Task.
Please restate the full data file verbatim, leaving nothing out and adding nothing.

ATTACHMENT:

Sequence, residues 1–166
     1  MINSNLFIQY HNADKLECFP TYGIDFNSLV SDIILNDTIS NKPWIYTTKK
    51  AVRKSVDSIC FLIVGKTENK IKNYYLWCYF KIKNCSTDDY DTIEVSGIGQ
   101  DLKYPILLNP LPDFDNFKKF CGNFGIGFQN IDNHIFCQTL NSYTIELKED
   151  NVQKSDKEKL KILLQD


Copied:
Sequence, residues 1–166
     1  MINSNLFIQY HNADKLECFP TYGIDFNSLV SDIILNDTIS NKPWIYTTKK
    51  AVRKSVDSIC FLIVGKTENK IKNYYLWCYF KIKNCSTDDY DTIEVSGIGQ
   101  DLKYPILLNP LPDFDNFKKF CGNFGIGFQN IDNHIFCQTL NSYTIELKED
   151  NVQKSDKEKL KILLQD